I was interested in watching Thank You For Coming because it’s a subject that will affect modern society increasingly as time goes on and in the future, and it raises a lot of interesting questions. Particularly, questions based in science. How much does DNA actually effect us, and is feeling a connection through a DNA relation only purely a mental association/connection or a physiobiological connection as well? Is it a cellular recognition of any sort, or would a person never know if they were talking to their biological parent if they didn’t know who their biological parent was?
Documentarian Sara Lamm learned later in life that her father that raised her was not her biological father. He was unable to conceive, and her mother had turned to sperm donation and IVF in it’s earliest stages. Sara went on a research extravaganza including 12 DNA tests, 5 ancestry databases, 1 potential half sister, and 900 sixth-cousins to (maybe) find her biological father, and over 11 years documented her journey in this film, Thank You For Coming. The main question that this documentary looks to find answers to is who is a father? The man that gave you his sperm or the man that raised you?
Personally I’ve always leaned more toward nurture over nature in the who raises you versus who your mix of DNA came from, but amazingly there are still no conclusive answers to this debate. Sara seemed to be very personally invested and intensely curious about who her biological father was. In the film, the father that raised her explains to her that he never once questioned if he is actually her father or not, he just was, and he was 100%. It was as simple as that. But disregarding direct biological relation, is it truly as simple as that?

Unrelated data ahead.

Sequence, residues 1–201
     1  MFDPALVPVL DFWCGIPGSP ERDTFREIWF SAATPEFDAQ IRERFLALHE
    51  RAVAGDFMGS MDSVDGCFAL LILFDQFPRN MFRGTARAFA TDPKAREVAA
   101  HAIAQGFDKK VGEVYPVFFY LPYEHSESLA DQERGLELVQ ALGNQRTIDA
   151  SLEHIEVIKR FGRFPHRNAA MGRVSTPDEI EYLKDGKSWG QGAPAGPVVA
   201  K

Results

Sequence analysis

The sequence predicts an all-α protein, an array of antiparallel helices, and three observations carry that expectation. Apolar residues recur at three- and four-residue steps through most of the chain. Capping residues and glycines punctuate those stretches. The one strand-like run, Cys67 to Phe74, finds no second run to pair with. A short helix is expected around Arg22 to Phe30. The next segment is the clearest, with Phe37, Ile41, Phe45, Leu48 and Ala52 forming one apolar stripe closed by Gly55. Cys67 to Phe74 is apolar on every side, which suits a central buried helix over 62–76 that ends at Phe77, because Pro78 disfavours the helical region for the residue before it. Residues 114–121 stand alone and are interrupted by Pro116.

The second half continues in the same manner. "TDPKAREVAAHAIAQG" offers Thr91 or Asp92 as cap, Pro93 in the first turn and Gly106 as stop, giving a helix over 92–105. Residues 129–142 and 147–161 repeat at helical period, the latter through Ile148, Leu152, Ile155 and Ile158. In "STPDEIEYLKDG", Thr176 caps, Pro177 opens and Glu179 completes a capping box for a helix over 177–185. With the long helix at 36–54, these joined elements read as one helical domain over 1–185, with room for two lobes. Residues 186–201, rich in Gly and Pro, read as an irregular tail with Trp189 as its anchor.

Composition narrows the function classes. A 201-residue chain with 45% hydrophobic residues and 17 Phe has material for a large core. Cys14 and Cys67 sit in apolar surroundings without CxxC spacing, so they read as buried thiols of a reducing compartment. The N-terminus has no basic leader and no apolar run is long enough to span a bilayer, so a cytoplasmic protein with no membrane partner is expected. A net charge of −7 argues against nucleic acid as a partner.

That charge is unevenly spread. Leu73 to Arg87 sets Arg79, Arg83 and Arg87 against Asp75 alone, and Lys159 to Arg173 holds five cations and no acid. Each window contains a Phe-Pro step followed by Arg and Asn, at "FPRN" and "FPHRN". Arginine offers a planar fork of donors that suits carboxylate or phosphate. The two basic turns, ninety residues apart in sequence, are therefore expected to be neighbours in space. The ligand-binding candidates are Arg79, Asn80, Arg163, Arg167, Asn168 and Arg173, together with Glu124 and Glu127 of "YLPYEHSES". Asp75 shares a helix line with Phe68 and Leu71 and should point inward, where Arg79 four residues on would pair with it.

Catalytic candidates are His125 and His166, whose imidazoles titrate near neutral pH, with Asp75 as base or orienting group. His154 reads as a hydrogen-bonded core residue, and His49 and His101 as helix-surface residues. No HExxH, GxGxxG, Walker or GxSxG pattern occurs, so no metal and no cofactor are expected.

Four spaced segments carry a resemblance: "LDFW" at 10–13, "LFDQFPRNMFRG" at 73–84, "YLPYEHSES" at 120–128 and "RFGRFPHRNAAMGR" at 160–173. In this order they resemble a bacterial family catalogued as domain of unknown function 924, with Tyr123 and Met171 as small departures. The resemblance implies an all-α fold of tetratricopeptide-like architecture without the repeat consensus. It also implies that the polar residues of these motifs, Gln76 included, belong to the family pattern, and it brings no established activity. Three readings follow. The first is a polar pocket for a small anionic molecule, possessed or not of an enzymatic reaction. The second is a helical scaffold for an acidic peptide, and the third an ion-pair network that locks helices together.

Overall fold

Sara said that she felt naturally very connected to her biological father when she met him. And that’s where the question comes in, was it from her head or some deeper level rooted from cellular connection? She also said at one point though a father (the father that raised her) and a daughter are always connected in some way… so it’s not like she feels disconnected, nor does she ever seem to feel ostracized or discontent with her father.
She meets a friend (Jenn) along the way that she thought may be a half sister, but even when the half sister didn’t turn out to be just that and biologically related, they still remained in touch and as close friends. Who discuss family and kids and feelings and help each other, like any close friends (or sisters!) would do.
This documentary can make you think deeply about sperm donation, IVF, and modern methods of conception and how they truly affect us all, and will continue to in future generations to come. It just premiered at LA Film Festival in June 2017. You can keep up at www.thankyouforcomingmovie.com.